After Ford became president, he offered amnesty to soldiers who had deserted and to those who had burned their draft cards and moved to Canada. Inflation was out of control and was heading toward 12%. In spite of that, gas was just 42 cents a gallon. The average household income was just over $11,000.00 a year.

Some of the influence of the hippie years was still reflected in the TV shows. We had finally broken down and bought our first color set. At times, you didn’t approve of what you saw us watching. There were times when your temper flared, and you acted as though you were about to kick in the TV set, only to turn it off amid cries of protest. I told you there was often more violence in our den than on the set.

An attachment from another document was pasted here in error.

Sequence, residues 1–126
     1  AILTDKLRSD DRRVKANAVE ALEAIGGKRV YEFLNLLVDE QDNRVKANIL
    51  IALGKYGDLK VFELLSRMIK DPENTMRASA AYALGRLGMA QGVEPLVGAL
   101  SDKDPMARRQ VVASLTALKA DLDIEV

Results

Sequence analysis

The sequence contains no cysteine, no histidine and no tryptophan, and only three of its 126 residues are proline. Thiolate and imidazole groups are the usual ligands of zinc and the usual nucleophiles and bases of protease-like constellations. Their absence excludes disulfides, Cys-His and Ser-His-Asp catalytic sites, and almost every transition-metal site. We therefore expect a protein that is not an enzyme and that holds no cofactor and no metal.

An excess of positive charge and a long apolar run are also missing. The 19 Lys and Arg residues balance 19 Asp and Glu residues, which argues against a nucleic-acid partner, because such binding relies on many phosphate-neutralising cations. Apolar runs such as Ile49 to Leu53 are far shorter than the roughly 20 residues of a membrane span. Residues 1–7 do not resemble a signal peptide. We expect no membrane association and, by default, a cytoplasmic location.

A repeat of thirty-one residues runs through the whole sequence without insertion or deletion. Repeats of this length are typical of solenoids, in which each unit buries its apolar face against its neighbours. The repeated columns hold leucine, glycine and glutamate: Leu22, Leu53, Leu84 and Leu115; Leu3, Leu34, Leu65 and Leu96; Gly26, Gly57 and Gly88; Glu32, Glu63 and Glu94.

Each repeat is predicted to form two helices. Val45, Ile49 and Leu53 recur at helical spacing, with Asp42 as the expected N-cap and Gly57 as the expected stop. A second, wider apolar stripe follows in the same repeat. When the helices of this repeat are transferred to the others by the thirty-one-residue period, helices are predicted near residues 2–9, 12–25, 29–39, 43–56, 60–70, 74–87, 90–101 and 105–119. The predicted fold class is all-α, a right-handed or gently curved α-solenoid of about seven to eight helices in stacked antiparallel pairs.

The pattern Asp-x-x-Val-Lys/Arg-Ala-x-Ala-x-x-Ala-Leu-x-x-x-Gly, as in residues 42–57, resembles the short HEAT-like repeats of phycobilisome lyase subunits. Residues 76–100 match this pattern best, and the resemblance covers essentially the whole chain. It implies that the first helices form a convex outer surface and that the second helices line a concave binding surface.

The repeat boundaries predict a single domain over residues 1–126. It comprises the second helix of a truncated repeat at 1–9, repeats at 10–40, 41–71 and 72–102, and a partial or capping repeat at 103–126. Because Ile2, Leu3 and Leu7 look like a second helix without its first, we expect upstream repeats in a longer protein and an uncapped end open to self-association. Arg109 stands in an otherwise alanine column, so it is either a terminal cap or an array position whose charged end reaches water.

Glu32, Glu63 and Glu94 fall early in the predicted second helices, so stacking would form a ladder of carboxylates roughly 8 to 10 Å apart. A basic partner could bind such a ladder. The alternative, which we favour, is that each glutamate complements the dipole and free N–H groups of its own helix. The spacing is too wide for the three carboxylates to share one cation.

Carol had a lava lamp in her room and also incense sticks which she liked to burn. You didn't like the odor of incense and questioned what kind of strange rituals she was performing.  She liked to wear bell bottom pants, which was a popular style. Making candles and tie-dying t-shirts became a favorite craft activity, which involved my supervision. The kids had bags of beads they had collected at Mardi Gras parades, and now they strung them over their doors. They even hung beads on the doors of our still unfinished country house back in Mississippi. The world we'd always known was changing, and you didn't want any part of it.

The eight-tracks of the 60's were no longer popular. The preferred way of listening to music was the cassette tape. Pocket calculators were also popular. You found they came in handy when balancing checkbooks and were more accurate. So cassette players and calculators were popular gifts for Christmas or birthdays.